The UK government always intended to “ditch” the Northern Ireland protocol, Boris Johnson’s former adviser Dominic Cummings has claimed.
In a string of tweets, Cummings said the flawed Brexit deal had been a way to get out of the electoral doldrums and “whack [Jeremy] Corbyn”, and “of course” the government should be allowed to “sometimes break deals… like every other state does”.
His remarks have caused alarm in Dublin, where the former taoiseach Leo Varadkar, who negotiated the Northern Ireland protocol with Johnson at a meeting in Wirral in October 2019, said that, if true, they showed the government could not be trusted.
“Those comments are very alarming because that would indicate that this is a government administration that acted in bad faith,” Varadkar told RTÉ. “And that message needs to be heard around the world, because if the British government doesn’t honour its agreements, doesn’t adhere to treaties it signs, that must apply to everyone else too.
“So at the moment they’re going around the world they are trying to negotiate new trade agreements. The message must go out to all countries around the world that this is a British government that doesn’t necessarily keep its word, doesn’t necessarily honour the agreements it makes.”
The EU is due to unveil on Wednesday what it has called “very far-reaching proposals” to end the row over the protocol and checks on goods in the Irish Sea.
Cummings’ claims chime with comments made last year by Steve Baker, then chair of the European Research Group of backbench MPs, who indicated that the ERG had been persuaded to vote for the Brexit deal despite their reservations over checks on goods crossing the Irish Sea.
Last May, Baker wrote in the Critic: “He [Cummings] said we should vote for the original withdrawal agreement without reading it, on the basis Michael Gove articulated: we could change it later. But now with him in power, we are putting in a modest border in the Irish Sea.”
Last week, Mark Francois, the current chair of the ERG, told the Guardian they had signed the deal knowing it was “a risk” as the protocol in their view was flawed but there was a greater prize at stake – the UK’s exit from the EU.
In a series of tweets, Cummings appeared relaxed about changes to the protocol. “Shd we generally stick to deals? Of course. Sometimes break them? Of course. Just like the EU, US, China and every other state does. International diplomacy cannot be judged by the standards of a student duel, and lawyers are hired help not the masters,” he wrote.
Referring to the internal market bill that the Conservative party tabled last autumn, which was ultimately withdrawn, he said: “After we intro’d IM#1 BRX immediately got *much more* serious re talks as we thought they wd. I think handled right, given overall situation (energy etc), we cd ditch signif bits causing trouble in NI without much fuss. But I think v low % the will do this, will need new PM.”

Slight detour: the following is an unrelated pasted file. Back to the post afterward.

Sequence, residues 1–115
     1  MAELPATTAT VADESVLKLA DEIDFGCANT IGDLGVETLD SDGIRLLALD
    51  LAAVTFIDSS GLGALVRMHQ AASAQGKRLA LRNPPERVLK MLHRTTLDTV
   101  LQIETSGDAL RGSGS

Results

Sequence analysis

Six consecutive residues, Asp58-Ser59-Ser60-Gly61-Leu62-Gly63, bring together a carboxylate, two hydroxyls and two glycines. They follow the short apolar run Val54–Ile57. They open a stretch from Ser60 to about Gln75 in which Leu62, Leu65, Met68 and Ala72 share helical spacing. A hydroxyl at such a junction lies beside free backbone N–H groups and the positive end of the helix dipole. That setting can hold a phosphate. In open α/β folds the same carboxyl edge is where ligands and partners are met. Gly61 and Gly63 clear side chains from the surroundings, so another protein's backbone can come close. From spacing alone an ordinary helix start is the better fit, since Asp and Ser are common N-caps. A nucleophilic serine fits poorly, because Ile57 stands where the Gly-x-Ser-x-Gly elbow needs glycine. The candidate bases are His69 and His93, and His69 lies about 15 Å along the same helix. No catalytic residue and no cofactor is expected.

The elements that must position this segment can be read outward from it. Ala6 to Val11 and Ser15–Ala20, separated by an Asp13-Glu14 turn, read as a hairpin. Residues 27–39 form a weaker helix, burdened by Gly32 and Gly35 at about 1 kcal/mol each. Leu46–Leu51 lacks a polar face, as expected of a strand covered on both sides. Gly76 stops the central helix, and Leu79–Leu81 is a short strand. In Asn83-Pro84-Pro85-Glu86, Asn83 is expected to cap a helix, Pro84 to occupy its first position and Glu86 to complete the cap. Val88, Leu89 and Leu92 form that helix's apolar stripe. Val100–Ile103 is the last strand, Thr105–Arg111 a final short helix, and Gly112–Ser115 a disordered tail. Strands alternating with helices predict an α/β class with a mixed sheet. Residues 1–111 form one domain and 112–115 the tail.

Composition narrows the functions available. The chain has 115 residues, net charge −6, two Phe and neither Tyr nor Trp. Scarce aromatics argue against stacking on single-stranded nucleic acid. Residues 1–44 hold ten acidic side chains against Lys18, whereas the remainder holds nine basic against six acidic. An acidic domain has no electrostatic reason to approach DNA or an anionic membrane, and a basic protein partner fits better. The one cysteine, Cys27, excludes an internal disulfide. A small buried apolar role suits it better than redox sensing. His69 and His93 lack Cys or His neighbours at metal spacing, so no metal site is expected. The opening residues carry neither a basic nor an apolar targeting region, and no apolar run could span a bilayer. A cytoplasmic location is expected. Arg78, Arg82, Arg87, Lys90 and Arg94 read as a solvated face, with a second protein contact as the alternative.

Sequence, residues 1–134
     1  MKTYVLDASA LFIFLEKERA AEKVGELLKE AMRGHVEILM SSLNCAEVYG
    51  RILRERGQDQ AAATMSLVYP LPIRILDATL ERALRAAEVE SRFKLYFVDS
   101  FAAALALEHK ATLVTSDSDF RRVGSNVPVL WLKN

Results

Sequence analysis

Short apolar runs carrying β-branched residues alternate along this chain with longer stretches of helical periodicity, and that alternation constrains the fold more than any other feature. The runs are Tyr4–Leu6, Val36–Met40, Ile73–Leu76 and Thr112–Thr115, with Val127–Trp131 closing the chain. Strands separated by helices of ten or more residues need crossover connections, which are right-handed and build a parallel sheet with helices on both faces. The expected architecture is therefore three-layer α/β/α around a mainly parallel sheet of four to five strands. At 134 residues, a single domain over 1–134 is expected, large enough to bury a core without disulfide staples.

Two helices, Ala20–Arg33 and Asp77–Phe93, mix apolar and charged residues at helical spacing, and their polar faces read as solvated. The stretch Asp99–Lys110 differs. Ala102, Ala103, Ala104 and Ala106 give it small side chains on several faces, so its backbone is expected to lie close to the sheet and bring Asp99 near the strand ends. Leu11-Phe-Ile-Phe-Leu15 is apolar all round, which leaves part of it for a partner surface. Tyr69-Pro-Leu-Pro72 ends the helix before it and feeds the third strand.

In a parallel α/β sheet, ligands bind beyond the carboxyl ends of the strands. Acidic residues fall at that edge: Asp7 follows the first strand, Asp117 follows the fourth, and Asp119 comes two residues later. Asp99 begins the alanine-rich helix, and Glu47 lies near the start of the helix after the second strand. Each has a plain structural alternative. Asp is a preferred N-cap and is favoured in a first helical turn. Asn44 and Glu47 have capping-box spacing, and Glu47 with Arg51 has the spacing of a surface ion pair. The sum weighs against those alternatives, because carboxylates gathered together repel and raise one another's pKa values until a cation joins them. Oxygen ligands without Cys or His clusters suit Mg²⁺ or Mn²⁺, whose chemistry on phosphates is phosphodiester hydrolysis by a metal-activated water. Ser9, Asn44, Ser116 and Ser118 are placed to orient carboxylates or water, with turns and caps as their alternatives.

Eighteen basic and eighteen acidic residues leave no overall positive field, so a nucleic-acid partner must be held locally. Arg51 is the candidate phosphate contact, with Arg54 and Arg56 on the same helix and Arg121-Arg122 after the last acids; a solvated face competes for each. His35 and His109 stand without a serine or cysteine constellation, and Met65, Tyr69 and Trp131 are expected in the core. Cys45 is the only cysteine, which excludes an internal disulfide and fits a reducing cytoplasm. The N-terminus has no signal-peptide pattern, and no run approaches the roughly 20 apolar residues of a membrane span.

He claimed the party agreed the Brexit deal to get out of the electoral doldrums and provide a chance of a clear victory in the 2019 general election.
“We took over a party on ~10%, worst constitutional crisis in century, much of deep state angling for BINO or 2REF. So we wriggled thro[ugh] with best option we cd & intended to get the [trolley emoji – a reference to Boris Johnson] to ditch bits we didn’t like after whacking Corbyn. We prioritised.”
The former Downing Street chief then added: “Now time for IM2 #Frosty,” a reference to the internal markets bill, which works to prevent internal trade barriers coming into force between parts of the UK.
As well as wading into the row over the Northern Ireland protocol, Cummings used a lengthy Substack post on Wednesday to urge his followers to stockpile meat, oil and other supplies for a potentially chaotic winter ahead.
Cummings said the prime minister’s behaviour in the face of the supply-chain crunch echoed his response to the early stages of the Covid pandemic.
“PM stupidly dismisses problems, focuses on media trivia then goes on holiday,” he said, referring to Johnson’s current break in Marbella.
Setting out reasons the energy and transport crises were unlikely to abate, he predicted the next stage would be “panic, he returns from holiday with usual spin about ‘PM taking charge, holding Cobra meetings’ etc, lots of gimmicks to grab media attention, and a panic splurge of cash at deserving and undeserving cases alike”.
Cummings also claimed that as the second wave of Covid cases broke over the UK last autumn, Johnson asked him to get into “campaign mode” and come up with a “dead cat” to change the public narrative, saying he was “fucking sick of Covid”.